Go to Razzle Dazzle welcome page. Luang Prabang, Laos

Luang Prabang

Luang Prabang   |   wats   |   waterfall

Laos photo.

August, 2004

Laos photo.
1. Phu Si Hill
Laos photo.
2. French colonial building
Laos photo.
3. Street scene
Laos photo.
4. The night market

— Index —

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One of the first things we did in Luang Prabang was to climb to the top of Phu Si Hill (see photo #1, at left). It is a strenuous climb, and the heat, humidity, and elevation add to the difficulty. We arrived at the top to find that the sky was dark and overcast, and our view of the mountains was obscured by clouds and mist. (We did have a great view of the Mekong River.) So, we went back and climbed up again that afternoon to find a glorious blue sky, bright sunshine, and mountains as far as the eye could see (see the panorama, above). At the top of Phu Si hill is a Buddhist stupa called That Chomsi. It is visible from almost anywhere in the city.

Luang Prabang was the ancient capital of the mountainous region that makes up northern Laos. Over the years, wars have altered the political landscape many times, but Luang Prabang has remained a regional power. The French took control of the area in the late 19th century. During the brief French colonial period, Laos was ruled as a loose collection of kingdoms and principalities. The most obvious remnants of French influence are the colonial buildings (photo #2) and the baguettes that are available at bakeries throughout the country. And, we met a large number of French tourists during our stay here.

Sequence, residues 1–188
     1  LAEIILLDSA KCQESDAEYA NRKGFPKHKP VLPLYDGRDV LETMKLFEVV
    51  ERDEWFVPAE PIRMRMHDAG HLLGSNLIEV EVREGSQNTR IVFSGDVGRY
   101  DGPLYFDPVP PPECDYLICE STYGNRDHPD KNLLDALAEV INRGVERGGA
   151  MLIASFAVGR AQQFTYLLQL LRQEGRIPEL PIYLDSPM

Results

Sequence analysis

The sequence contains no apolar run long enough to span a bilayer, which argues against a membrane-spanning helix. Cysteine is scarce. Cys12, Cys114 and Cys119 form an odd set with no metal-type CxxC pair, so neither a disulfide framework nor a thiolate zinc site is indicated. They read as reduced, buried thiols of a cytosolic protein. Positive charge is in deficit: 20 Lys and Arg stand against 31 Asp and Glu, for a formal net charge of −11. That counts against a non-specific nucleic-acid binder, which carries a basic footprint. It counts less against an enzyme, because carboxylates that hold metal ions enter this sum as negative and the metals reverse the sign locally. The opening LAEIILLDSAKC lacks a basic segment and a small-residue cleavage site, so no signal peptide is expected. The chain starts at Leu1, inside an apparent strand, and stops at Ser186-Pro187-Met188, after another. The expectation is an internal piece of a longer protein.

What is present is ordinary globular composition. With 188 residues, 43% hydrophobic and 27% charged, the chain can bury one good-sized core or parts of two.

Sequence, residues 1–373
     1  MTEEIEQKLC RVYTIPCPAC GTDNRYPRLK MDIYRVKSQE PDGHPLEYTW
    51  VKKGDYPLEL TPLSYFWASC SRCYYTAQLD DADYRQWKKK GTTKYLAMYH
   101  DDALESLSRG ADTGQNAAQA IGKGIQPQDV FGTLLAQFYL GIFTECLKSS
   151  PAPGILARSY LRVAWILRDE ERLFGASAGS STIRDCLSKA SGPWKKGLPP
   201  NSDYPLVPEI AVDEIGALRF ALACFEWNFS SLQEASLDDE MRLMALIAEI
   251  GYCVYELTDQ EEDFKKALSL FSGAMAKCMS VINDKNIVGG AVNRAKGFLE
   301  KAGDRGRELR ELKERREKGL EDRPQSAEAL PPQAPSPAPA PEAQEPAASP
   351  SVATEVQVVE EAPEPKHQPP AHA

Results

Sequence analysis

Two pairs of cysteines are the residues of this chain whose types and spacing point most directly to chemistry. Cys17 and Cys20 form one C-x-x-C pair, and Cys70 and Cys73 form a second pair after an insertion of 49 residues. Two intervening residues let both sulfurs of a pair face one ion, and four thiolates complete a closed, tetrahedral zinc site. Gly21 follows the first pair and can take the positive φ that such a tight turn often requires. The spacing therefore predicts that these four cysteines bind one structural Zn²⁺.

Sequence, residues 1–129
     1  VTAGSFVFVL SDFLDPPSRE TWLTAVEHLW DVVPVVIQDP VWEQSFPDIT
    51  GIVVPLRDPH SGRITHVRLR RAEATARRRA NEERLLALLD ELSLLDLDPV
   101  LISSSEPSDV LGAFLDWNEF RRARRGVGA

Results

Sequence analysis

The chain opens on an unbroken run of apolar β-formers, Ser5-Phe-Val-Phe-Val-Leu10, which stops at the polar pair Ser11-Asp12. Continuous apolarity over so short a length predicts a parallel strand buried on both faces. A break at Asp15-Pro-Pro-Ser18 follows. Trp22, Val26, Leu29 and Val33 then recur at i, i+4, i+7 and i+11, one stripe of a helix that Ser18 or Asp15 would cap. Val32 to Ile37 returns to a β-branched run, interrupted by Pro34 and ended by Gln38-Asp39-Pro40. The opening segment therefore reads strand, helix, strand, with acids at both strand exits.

Luang Prabang is in many ways typical of cities throughout SE asia. The street scenes and markets are very much like those we have seen elsewhere (photo #3). But, this city is also different. It retains some of the charm of the French colonial architecture. But best of all, there are real sidewalks that are wide enough for two people to walk side-by-side. You are not forced to walk in the street by parked cars, piles of garbage, or vendor's carts. This is almost unique in our experience in this part of the world. The sidewalks and other walkways have been recently renovated with grants from UNESCO. They are making a real effort to help Luang Prabang live up to its status as a World Heritage City.

One of the great features of the city is the nightly market on Sisavongvong Street (photo #4). Originally lighted with candles, there are now electric lights, but the atmosphere is still the same. The vendors begin setting up in the afternoon, which may be the best time to shop. With the sunlight you can see the merchandise better, particularly the colors of fabrics that may need to match something else. The vendors had a wide variety of goods on offer, but there were dozens of vendors selling identical products. The market stretches for several blocks. It can take awhile to see it all. Jamie bought a cotton quilt and Jim found a majong set.

We spent about a week in Luang Prabang, mostly relaxing and wandering around the town. We visited some of the city's many wats, and made a trip into the countryside to see a waterfall. You can read our reports on them by following the links at the top of the page, or in the index at the left. Here are some more photos from Luang Prabang:


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Jim and Jamie Richter, http://gotouring.com/razzledazzle/
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Created 8/2004. All text & photos are © 2004 Jim Richter.